The best of the bunch by far is "Gifts," in which a family gathered around the Christmas tree takes the weight off Sanders' shoulders—at least as far as keeping viewers entertained. All the presents, which might have looked like bicycles, dogs or puppies while wrapped, turn out to be KFC meals (surprise!).



    That visual gag is plenty rewarding. But it's especially charming that the ad manages to poke fun at Christmas tropes while delivering a hard sell—forget the elaborate gifts, it suggests, just get some fast food and make everyone happier. That's an absurd premise delivered with enough forced cheer to make the pieces feel like a solid sendup: Dad, for his part, pulls faces that make him resemble a cross between Enzyte's infamous Smiling Bob and a gopher in an ugly Christmas sweater. All the while, the Colonel's feet dangle quietly in the backdrop.

    As for the overall concept, the Santa-Sanders resemblance is close enough to pass muster at first blush—pudgy old white guys with white beards and white hair. But here's a weird-but-true fact: In Japan, the two are practically already synonymous: People there religiously eat KFC on Dec. 25, a tradition the company surely wouldn't mind porting to the U.S.

    CREDITS
    Client: KFC

    Agency: Wieden + Kennedy, Portland, Ore.
    Creative Directors: Eric Baldwin / Karl Lieberman
    Copywriter: Jonathan Marshall
    Art Director: Helen Rhodes
    Producer: Hayley Goggin Avila
    Social Strategy: John Dempsey
    Strategic Planning: Britton Taylor / Matt Hisamoto
    Media, Communications Planning: Alex Barwick / Anjali Patel
    Account Team: Jess Monsey / Jesse Johnson / Andrie Wheeler
    Business Affairs: Karen Roche
    Project Management: Erin Keeley
    Executive Creative Directors: Joe Staples / Mark Fitzloff
    Head of Production: Ben Grylewicz

    Production Company: Biscuit
    Director: Matt Dillmore
    Executive Producer: Colleen O'Donnell
    Sales Representative: Dana Balkin
    Line Producer: Carr Donald
    Director of Photography: Darko Suvak

    Editing Company: Joint Editorial
    Editor: Steve Sprinkle 
    Assistant Editor: J.B. Jacobs
    Post Producer: Chris Girard
    Executive Post Producer: Leslie Carthy

    Visual Effects Company: Joint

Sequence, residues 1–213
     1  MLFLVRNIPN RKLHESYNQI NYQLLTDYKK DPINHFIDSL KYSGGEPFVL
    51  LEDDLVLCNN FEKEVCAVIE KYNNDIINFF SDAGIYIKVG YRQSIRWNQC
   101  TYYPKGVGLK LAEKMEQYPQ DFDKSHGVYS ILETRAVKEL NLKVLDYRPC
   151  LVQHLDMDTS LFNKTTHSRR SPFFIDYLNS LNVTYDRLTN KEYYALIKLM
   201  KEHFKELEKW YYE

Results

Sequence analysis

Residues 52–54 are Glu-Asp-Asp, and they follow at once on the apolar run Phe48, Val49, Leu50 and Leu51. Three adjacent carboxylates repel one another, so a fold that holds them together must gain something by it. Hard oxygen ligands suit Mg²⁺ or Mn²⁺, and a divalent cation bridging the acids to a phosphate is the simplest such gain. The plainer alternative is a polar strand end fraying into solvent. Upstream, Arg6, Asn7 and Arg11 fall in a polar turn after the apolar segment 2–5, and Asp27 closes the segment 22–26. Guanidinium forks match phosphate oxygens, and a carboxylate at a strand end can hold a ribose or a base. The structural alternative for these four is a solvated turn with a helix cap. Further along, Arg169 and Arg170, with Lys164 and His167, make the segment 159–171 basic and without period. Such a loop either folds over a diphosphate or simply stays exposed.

Visual Effects Executive Producer: Alex Thiesen
    Lead Flame Artist: Stephan Lectez
    Visual Effects Producer: Steve Griffith
    Lead Flame Artist: Katrina Salicrup
    2-D Artists: David Jahns / Robert Murdock / Noah Poole

    Mix, Sound Company: Joint
    Mixer, Sound Designer: Noah Woodburn
    Producer: Sarah Fink

    Telecine Company: The Mill
    Color Producers: Dan Kreeger / Dan Butler
    Colorist: David "Luddy" Ludlam


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    To distill the unpredictability and drama of competitive surfing, the World Surf League has launched its first global campaign, "You Can't Script This," anchored by "Chaos Theory," a 90-second spot from ad agency Mistress. 

    The mix of stock, custom and athlete footage includes surging seas, shifting sands and surfboard shaping—along with moody shots of billowing drapes, flickering video screens and a tornado funnel—accompanied by a breathless voiceover: "Isn't it something that a single breath has the power to spawn an entire storm a thousand miles away? We cannot predict it. We can only bear witness to the wonder." 

    That last bit is so leaden, it nearly sinks the whole enterprise. Yet the use of such hyper-saturated prose makes sense when you consider the level of passion and reverence serious surfers have for the sport. 



    "We're focusing our 2015 media spend where our target audiences consume the sport—digital and social. As we continue to expand our message and recruit new fans into competitive surfing in 2016, we will rely more heavily on traditional channels," WSL chief marketing officer Scott Hargrove tells AdFreak. "The goal is to establish an authentic connection with existing surf fans and then carefully expand our message to new fans beyond surfing's core." 

    To achieve that end, the commercial—breaking today, ahead of this month's Billabong Pipe Masters competition in Hawaii—could have used a tighter focus. For example, 72andSunny's epic ads for Samsung explored the spiritual interconnectedness of the surfing community and put a human face on the sport, while capturing the intensity of training and competing in snarling wind and swirling waves. 

    "Competitive surfing is constantly changing and evolving—from upsets to perfection, a thwarted shark attack to the most hotly contested championship race in years," Hargrove says. "We believe this unpredictability is what makes the sport so compelling and therefore made it the focus of our creative strategy." 

    Fair enough. And while not a total wipeout, it's a shame "Chaos Theory" relies so heavily on clichéd "dramatic" imagery and language. The underlying metaphor rocks, but despite its quest to portray surfing as a constant surprise, the ad feels a tad predictable. 

    CREDITS

    Production Company: Eskimo
    Executive Producer: David Martinez
    Director: Dan DiFelice
    Director of Photography: Khalid Mohtaseb
    Producer: James Parker
    Postproduction: Eskimo
    Post Producer: Tamar Sasson
    Editor: Scott Hanson
    Assistant Editor: Scott Crozier
    Designer, Motion Designer: Jerry Liu
    Visual Effects: Blacksmith NY
    Sound Design: Cypher Audio

    Agency: Mistress
    Creative Director, Partner: Scott Harris
    Strategy, Partner: Christian Jacobsen
    Art Director: Megan Nakazawa
    Copywriter: Adam Wagner
    Brand Director: Victoria Edwards
    Brand Manager: Kylie Wu
    Agency Producer: Trevor Paperny
    Project Manager: Alex Clewell